Baking Soda and Borax
Baking Soda and Borax are two of the most popular household products. They both are naturally occurring salts with many other similarities. So, which one is better? And what’s the difference?
About Baking Soda
Baking soda is a common household ingredient that can be used for various purposes, including cleaning, cooking, preserving, and baking. It’s also known as sodium bicarbonate or simply bicarb.
While most people are familiar with its uses around the home, this has many health benefits. For example, it can be used as a natural antacid to relieve indigestion or heartburn. Additionally, this is effective in treating acne and other skin conditions.
Baking soda is also used to absorb moisture, neutralize odors and scour surfaces. It can make cakes and muffins rise and keep the refrigerators smelling fresh.
When used correctly, this compound is a safe and effective way to clean, cook, and bake. However, it’s important to exercise caution when using this substance, as it can irritate if not used properly.
Natural Sources of Baking Soda
The natural mineral of sodium bicarbonate is nahcolite, whose deposits can be found in Colorado’s Eocene-age (55.8–33.9 Mya) Green River Formation, Piceance Basin. During times of high evaporation within the basin, nahcolite was accumulated as beds. It is industrially mined similarly to coal mining, using common underground mining strategies like bore, drum, and longwall mining. It is also mined by pumping boiled water through nahcolite beds and crystallizing the dissolved nahcolite using a cooling crystallization process.
- As a pest control measure
- To increase the alkalinity of water sources
- As a mild disinfectant
- As a neutralizer for acids and bases
- As the main component of black snake fireworks
- As a fire extinguisher
- As an inhibitor of fungi growth in agriculture
- As a cattle feed supplement
- As an antiseptic for preventing infections
- As an ingredient in mouthwashes and deodorants
Borax, also known as sodium tetraborate, is a common name for anhydrous or hydrated sodium borate. It is commonly used for decahydrate sodium borate, and so its chemical formula is Na2B4O7·10H2O with a molar mass of 381.38 g/mol.
Borax, unlike baking soda, is mined rather than manufactured, and the vast majority of this compound is obtained from dried-up lakes in California and Turkey.
Borax is an effective cleaning product for the same reasons that baking soda is effective; it is alkaline and abrasive. It can be used to clean drains, clean dishwashers, deodorize carpets, and eliminate rust stains. It’s also useful for killing weeds and letting go of pesky bugs (such as cockroaches). And, unrelated to cleaning, it’s a key ingredient in making slime, a hugely popular activity among kids.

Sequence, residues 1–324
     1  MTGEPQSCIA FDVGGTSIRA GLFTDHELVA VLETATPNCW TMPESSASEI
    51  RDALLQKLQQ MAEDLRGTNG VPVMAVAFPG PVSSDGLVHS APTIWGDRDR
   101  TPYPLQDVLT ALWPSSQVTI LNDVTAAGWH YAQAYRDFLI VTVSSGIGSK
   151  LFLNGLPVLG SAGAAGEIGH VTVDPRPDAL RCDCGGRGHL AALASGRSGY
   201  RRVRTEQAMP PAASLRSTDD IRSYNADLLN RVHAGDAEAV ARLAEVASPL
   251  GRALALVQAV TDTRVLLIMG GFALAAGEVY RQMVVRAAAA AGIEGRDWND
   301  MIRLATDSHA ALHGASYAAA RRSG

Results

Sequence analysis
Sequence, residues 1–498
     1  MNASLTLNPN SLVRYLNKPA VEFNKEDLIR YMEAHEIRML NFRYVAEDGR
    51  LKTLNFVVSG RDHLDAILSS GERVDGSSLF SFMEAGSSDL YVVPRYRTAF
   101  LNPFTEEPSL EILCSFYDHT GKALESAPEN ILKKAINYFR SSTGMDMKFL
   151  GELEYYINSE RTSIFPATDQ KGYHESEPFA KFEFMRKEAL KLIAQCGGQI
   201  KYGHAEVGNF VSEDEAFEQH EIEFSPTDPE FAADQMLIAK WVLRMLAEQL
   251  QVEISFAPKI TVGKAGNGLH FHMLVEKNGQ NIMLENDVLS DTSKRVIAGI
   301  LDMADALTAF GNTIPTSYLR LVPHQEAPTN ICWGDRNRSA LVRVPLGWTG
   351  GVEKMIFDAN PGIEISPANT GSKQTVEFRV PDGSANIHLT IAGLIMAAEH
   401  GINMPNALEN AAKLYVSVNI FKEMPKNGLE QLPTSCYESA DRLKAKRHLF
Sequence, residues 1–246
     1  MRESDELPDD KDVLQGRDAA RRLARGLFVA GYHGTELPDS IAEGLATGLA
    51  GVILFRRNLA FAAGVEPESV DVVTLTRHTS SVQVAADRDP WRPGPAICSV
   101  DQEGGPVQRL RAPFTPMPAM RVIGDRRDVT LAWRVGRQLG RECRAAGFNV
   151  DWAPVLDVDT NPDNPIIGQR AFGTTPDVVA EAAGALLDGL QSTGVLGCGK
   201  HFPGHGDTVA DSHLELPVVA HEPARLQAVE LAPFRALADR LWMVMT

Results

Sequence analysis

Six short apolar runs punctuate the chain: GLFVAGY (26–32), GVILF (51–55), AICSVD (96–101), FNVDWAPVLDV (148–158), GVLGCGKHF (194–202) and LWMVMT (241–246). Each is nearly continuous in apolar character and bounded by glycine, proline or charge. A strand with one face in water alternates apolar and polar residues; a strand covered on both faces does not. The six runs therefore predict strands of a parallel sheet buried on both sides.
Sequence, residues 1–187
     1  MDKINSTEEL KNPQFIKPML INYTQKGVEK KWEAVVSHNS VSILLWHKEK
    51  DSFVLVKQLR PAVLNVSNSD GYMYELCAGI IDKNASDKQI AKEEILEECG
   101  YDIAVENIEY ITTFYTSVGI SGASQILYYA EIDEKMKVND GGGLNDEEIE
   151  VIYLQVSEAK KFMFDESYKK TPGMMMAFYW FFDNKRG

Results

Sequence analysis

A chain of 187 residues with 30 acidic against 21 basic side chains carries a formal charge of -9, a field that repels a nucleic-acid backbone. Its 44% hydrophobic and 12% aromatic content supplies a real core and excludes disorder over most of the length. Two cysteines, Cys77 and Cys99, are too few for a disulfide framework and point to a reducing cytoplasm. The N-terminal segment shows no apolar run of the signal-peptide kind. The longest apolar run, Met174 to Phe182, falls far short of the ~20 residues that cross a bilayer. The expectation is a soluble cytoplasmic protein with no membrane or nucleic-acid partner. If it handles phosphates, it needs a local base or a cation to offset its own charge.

Furthermore, this compound is easily converted into boric acid.
Na2B4O7·10H2O + 2 HCl → 4 H3BO3 + 2 NaCl + 5 H2O
The decahydrates form of borax can also be used as a standard solution for titrimetric analysis as it is highly stable and pure.
Natural Sources of Borax
Natural sources of borax include evaporite deposits formed by the frequent evaporation of seasonal lakes. Turkey, Boron, California, and Searles Lake, California, have the most commercially significant deposits. Furthermore, borax has been discovered in many other locations throughout the Southwest United States, the Atacama desert in Chile, and newly discovered deposits in Bolivia and Tibet, and Romania. Borax can also be synthesized from other boron compounds.
Other Uses of Borax
- As a pH buffering agent in swimming pools to control the pH of the water
- As a co-complexing agent
- As a water-softening agent
- For gold extraction in small-scale gold mining
- As a food additive
- As an ingredient in enamel glazes
- As a component of glass and ceramics
- As a fire-retardant
- As a flux in metal and alloys melting removes impurities and inhibits oxidation
- As a neutron absorber, which is used in nuclear reactors to regulate reactivity and stop nuclear chain reactions.
|Appearance||White, crystalline solid||White crystals|
|Melting Point||743°C (anhydrous) 75°C (decahydrate, decomposes)||Decomposes to sodium carbonate starting at 50 °C|
|Boiling Point||1,575°C (anhydrous)||851 °C|
|Density||1.73 g/cm3||2.20 g/cm3|
|Solubility In Water||31.7 g/L||69 g/L (0°C), 96 g/L (20°C),165 g/L (60°C)|
|Safety Hazards||It should not be consumed, inhaled or exposed to the skin.||It is safe to consume.|
Can Borax And Baking Soda Be Mixed?
To remove tough, set-in stains, a borax, and baking soda mixture can be a helpful cleaning solution. This method combines one teaspoon of borax and one teaspoon of baking soda in a bowl. Pour half a glass of hot water and stir until the ingredients dissolve. Then, use a sponge or cloth to scrub the paste onto the stain.
Together, they are the best way to clean laundry. To use this method, fill the bathtub with warm water and add a mixture of baking soda, borax, and laundry detergent. Allow 30 minutes for your laundry to soak before washing it as usual. This method is ideal for towels, bedsheets, and other linens, but it can also be used cautiously on clothes.
What Can Borax Be Combined With?
A mixture of vinegar and borax is an excellent option for a safe and effective cleaning solution. They help clean surfaces and remove mildew. When mixing the two ingredients, use warm water to help the borax dissolve more easily.
Which One is Better?
Since both the compounds are alkaline and abrasive, they’re quite effective as cleaning agents. However, borax has a relatively high pH; thus, it is a slightly tougher but potentially more effective cleaning agent. It is antifungal, antimicrobial, and antibacterial.